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An order of the subclass Hemiascomycetidae comprising typical yeasts, characterized by the presence of naked asci in which spores are formed by free cells.
McGraw-Hill Dictionary of Scientific & Technical Terms, 6E, Copyright © 2003 by The McGraw-Hill Companies, Inc.
The following article is from The Great Soviet Encyclopedia (1979). It might be outdated or ideologically biased.



an order of unicellular fungi (yeasts and various chiefly parasitic molds) of the class Ascomycetes. They reproduce, as a rule, by building. Saccharomycetales cells are usually oval, measuring 8-10 microns long and 2-7 microns wide. In sexual reproduction, usually two externally similar, less often different, cells come together and copulate. Their contents fuse giving rise to a sac (ascus) in which so-called ascospores are formed. In species of the genus Saccharomyces, the ascus originates parthenogenetically from a single cell without the fusion of cells and contains one to four ascospores. Copulation of the ascospores or of the cells germinated from them occurs. The subsequent cycle of development takes place in the diploid phase. Heterogamy with the formation of one ascospore is characteristic of the Saccharomycetales of the genus Debaryomyces, and isogamy with the formation of four to six ascospores is characteristic of the genus Zygosaccharomyces. The Saccharomycetales of the genus Schizosaccharomyces reproduce mostly by meiosis. When growing under unfavorable conditions, the cells copulate in pairs, forming outgrowths that meet one another into which the nuclei of both cells proceed, fusing into a diploid nucleus which subsequently divides three times into eight nuclei for the future ascospores. Artificial hybridization of the Saccharomycetales was shown to be possible. Unicellular fungi that reproduce by budding but do not form ascospores are often regarded as the Saccharomycetales. They should be called yeastlike fungi and included in the assemblage Fungi imperfecti.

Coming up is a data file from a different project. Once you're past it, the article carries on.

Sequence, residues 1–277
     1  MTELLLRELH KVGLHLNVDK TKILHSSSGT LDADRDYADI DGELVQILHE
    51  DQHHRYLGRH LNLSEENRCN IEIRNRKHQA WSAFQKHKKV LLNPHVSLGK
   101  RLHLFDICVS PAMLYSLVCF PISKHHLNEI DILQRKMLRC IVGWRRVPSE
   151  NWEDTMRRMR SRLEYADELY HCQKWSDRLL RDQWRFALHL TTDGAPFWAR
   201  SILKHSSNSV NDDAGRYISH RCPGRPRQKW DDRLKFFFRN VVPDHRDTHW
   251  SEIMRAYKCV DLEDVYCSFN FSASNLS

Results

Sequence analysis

The Saccharomycetales are widely distributed in nature, especially where saccharine substances exist (berries, fruits, nectar of flowers, dairy products, and so forth). Because some Saccharomycetales can induce alcoholic fermentation of sugars, they are used in baking, wine-making, beer brewing, the production of alcohol and glycerol, the dairy industry, and the production of ergosterol (provitamin D2), nucleic acids, and so forth. The Saccharomycetales contain high-quality protein, carbohydrates, and an abundance of B-complex vitamins.

Liquid brewer’s yeast improves gastric and pancreatic secretion, stimulates the absorption of food in the intestine, and increases the resistance of the organism to infections. Yeast is prescribed for a variety of anemias, diabetes, furunculosis, ulcers, neuralgia, and so forth and to increase the protein content of the diet. Dried medicinal yeast is also available in tablets. The Saccharomycetales and yeastlike fungi can appear in pathogenic forms that cause such diseases in man and animals as blastomycosis and candidiasis.


The Great Soviet Encyclopedia, 3rd Edition (1970-1979). © 2010 The Gale Group, Inc. All rights reserved.